One of the issues we’ve been promoting for many years is the importance for Technical Authors to publish their user guides and online Help on the Web. A surprisingly large amount of companies still don’t offer Web versions, for reasons that include:
- It’s too difficult
- Our competitors might read it and reverse-engineer our product
- Support/Training/Marketing will object
Kyle has built a multi-million dollar business on the back of offering repair manuals that manufacturers choose not to put on the Web. The manuals are available free-of-charge, with ifixit.com making money from selling spare parts.
Wiens said that if machines in other industries — for example, tractors used by farmers — were to break down over a handful of years and couldn’t be easily repaired, consumers would openly revolt. “In industries where consumers really care about a quality, long-lasting product, there’s no way companies can get away with it,” he said. more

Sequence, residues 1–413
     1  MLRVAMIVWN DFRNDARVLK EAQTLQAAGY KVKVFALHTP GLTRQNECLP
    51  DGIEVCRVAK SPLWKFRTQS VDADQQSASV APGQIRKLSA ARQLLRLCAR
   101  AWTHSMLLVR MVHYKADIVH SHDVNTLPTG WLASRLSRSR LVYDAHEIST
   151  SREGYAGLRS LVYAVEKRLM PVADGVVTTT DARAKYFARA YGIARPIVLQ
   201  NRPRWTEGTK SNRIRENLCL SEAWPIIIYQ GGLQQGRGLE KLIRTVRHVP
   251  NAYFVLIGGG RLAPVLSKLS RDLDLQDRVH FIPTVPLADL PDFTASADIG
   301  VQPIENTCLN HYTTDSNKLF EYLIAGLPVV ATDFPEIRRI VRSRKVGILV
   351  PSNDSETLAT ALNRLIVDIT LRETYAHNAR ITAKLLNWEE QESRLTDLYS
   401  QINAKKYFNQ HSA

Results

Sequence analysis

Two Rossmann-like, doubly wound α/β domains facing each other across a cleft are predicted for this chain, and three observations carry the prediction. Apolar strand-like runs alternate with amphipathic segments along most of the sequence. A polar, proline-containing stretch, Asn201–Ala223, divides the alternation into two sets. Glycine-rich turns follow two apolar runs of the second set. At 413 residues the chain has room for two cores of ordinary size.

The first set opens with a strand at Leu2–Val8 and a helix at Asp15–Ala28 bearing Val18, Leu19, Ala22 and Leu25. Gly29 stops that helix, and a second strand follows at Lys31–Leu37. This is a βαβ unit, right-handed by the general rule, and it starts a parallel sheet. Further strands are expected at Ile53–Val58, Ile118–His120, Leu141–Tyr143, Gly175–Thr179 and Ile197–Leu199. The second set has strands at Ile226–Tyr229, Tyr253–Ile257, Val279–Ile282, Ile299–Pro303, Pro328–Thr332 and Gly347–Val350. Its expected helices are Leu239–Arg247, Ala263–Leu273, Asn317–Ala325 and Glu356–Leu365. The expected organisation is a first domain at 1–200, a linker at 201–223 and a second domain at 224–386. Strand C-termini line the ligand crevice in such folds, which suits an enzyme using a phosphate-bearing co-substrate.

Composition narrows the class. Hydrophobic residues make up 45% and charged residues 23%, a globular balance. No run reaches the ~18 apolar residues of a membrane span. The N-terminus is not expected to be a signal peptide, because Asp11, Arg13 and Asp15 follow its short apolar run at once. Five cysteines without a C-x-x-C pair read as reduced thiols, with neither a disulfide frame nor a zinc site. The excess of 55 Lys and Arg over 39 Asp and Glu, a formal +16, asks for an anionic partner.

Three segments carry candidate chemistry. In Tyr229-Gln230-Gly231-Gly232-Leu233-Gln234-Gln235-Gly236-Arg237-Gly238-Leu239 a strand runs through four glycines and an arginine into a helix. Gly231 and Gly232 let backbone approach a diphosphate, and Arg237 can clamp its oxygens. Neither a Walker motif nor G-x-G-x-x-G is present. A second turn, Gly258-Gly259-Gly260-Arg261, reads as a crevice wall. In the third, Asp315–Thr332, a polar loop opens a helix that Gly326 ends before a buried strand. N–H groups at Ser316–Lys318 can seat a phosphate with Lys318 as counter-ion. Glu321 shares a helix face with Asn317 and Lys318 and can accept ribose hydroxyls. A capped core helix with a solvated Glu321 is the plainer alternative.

We’ve suggested in the past that organisations publish Help for their competitors’ products, so they can engage with their future customers.
Publishing to the Web provides a path to publishing to mobile devices and tablets. It also means, finally, Technical Author can measure the value of what they produce – how many people want to read it and what they think of it.
Regardless of the objections from other departments, this is probably the single most important thing a Technical Author can do.
Do you agree?